Four Kinds Of Edible Sugar Art, And How Each Is Made

Sugar has some truly amazing properties, besides being delectable to taste buds of all ages. In fact, it is these properties and flexibility with its crystalline structure that make it ideal for sugar art. Edible sugar art is a craft that is mastered by some of the best cake makers and patisseries from around the globe. If you are interested in the many fascinating and beautiful ways in which sugar is transformed into edible art, here are the four dominant forms and how each is made. 

Sugar Floss

Also known as cotton candy, this edible sugar art transforms sugar crystals into fluffy, flavored, pastel clouds. If you ever want to use an edible product to represent clouds or sunsets in your edible scenery, this is the stuff that will do it. Sugar floss/cotton candy is made by heating pure sugar up to a very high temperature while simultaneously spinning the crystals rapidly in a circle. If you want to color or flavor your "floss," do it right before the stuff starts fluffing up from the basin of the machine. 

Sugar Glass

Water and sugar boiled until it reaches a specific candy temperature can make sugar glass. The sugar crystals go from opaque white to clear, and you can even lightly color or flavor your "glass" before you pour it into molds and refrigerate it to get it to harden. This is what Hollywood uses to create the glass windows and glass bottles used in movie scenes because it will neither cut nor kill the actors that smash through it or use broken glass in a fight scene. You can use it to create sugar glass windows on cakes and gingerbread houses.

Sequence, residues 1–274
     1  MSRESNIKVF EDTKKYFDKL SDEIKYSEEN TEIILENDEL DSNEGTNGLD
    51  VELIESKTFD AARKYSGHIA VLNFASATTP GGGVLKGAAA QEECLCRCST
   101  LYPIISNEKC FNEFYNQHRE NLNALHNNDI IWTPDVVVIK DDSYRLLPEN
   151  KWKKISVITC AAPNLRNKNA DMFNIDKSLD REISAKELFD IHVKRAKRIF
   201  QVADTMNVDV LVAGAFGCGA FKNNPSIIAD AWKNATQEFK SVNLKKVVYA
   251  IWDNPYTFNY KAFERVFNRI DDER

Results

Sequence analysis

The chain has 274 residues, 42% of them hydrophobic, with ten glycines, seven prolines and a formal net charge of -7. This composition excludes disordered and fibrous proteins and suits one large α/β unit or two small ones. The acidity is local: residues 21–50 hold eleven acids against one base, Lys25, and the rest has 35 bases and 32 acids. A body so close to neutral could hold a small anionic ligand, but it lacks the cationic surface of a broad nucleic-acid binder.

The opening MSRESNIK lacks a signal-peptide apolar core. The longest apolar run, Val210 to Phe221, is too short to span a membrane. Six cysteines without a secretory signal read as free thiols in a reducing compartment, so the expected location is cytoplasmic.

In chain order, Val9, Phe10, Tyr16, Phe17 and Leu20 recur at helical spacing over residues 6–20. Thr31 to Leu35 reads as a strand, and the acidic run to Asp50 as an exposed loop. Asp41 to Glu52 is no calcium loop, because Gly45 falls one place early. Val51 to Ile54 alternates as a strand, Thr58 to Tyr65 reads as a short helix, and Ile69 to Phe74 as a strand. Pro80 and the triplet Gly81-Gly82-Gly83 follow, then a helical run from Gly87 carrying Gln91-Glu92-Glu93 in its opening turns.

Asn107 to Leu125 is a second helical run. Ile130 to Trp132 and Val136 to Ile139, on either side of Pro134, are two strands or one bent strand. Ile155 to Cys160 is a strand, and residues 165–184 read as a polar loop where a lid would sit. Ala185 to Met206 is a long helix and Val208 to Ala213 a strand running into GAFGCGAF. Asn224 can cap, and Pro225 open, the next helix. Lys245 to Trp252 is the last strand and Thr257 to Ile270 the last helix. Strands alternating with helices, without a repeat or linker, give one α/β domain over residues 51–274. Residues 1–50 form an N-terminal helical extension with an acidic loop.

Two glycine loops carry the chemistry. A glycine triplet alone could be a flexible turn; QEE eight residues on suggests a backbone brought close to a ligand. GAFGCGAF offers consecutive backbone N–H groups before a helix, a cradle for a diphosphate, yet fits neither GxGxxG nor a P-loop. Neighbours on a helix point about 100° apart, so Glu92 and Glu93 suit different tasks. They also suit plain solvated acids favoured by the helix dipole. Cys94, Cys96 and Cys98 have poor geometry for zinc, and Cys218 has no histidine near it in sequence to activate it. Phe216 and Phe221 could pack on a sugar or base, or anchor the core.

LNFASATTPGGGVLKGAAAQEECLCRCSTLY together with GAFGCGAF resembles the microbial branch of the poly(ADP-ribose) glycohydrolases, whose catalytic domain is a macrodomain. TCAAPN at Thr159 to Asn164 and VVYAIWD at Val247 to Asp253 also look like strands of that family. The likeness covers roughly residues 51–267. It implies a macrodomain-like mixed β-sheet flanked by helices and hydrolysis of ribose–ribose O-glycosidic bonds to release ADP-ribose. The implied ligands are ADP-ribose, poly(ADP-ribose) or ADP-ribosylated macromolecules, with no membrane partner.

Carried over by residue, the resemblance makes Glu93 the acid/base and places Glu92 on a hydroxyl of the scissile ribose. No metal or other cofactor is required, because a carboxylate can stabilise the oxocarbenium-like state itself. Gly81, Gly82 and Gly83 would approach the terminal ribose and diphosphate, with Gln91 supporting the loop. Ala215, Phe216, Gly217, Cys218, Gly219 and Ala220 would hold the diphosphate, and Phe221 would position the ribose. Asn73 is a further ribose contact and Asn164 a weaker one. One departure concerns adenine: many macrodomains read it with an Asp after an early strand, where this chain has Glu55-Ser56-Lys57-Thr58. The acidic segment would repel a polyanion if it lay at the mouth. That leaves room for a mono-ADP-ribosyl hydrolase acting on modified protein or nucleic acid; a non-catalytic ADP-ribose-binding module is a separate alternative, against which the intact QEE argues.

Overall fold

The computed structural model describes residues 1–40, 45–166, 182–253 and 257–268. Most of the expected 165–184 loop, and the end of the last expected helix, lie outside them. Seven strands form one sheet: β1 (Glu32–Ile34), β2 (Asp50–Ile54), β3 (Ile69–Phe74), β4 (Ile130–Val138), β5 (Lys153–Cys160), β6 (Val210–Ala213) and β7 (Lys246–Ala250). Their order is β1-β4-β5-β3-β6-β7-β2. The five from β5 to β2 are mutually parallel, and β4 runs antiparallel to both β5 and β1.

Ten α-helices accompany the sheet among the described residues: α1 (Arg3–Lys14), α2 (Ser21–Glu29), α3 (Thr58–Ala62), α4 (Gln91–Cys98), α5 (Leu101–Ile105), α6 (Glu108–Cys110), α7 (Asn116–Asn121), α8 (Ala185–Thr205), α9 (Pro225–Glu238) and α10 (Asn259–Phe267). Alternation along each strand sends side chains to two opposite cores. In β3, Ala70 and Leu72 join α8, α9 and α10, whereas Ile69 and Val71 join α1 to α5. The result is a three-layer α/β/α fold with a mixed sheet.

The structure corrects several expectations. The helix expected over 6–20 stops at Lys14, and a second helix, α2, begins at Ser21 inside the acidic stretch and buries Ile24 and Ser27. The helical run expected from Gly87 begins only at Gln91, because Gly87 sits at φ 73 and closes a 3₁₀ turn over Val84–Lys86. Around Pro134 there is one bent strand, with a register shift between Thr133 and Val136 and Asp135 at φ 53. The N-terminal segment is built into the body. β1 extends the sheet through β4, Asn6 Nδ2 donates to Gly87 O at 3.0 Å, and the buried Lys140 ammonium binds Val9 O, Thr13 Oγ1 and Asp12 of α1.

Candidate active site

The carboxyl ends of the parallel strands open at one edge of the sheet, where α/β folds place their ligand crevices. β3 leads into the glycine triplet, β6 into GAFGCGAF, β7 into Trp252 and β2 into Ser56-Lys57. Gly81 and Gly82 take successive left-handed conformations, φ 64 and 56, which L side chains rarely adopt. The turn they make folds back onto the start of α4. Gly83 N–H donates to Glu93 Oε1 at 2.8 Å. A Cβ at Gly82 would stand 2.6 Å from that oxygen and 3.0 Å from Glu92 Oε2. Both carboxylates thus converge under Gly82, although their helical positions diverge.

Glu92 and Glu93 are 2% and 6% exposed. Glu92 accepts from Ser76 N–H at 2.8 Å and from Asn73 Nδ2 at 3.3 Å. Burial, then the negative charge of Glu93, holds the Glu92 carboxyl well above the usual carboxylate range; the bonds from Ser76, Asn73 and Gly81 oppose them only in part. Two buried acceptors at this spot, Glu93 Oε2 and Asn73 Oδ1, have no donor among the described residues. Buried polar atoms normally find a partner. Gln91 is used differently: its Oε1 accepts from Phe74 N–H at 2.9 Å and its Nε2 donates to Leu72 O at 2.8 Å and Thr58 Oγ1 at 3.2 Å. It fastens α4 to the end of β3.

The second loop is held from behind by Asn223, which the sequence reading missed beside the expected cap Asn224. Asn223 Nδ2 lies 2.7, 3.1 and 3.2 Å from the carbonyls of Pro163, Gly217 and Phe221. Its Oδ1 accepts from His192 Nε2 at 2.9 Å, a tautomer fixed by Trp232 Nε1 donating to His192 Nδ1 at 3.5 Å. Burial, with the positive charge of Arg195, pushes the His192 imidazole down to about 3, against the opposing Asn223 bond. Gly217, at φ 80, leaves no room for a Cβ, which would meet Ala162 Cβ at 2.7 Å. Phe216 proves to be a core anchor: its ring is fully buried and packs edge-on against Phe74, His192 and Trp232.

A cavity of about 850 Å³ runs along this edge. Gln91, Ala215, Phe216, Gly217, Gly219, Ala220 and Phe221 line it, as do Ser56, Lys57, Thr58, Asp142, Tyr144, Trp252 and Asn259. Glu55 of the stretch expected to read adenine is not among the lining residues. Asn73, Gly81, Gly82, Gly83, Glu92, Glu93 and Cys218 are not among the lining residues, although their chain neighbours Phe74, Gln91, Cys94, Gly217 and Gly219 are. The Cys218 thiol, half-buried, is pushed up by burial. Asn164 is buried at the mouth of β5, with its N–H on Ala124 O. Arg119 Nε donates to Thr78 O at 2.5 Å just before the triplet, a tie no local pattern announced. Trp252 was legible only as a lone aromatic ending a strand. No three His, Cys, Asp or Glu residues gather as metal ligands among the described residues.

Sugar Paste

Fondant is not sugar paste. Sugar paste is stickier, thinner, and easier to roll out than fondant. It can be cut into all kinds of exquisite little shapes and placed on cupcakes, cakes, cookies, etc. The best part about sugar paste is that it just needs a little moisture to stick and stay in place. That feature makes it ideal for covering cakes that are still warm where fondant would begin to melt, and for adhering lots of little shapes to fondant or more sugar paste with just a little water. You can dye and hand-paint sugar paste, too. 

Solid Sugar Molds

Out of all the edible sugar art, this is the one that hardly transforms the sugar itself. A little water and a lot of sugar to create a gritty sugar substance is all you need. Press the sugar/water mixture into a mold and freeze or bake it to get the water to evaporate and harden the sugar forms in the molds.

For more information, reach out to a company like Truly Mad Plastics LLC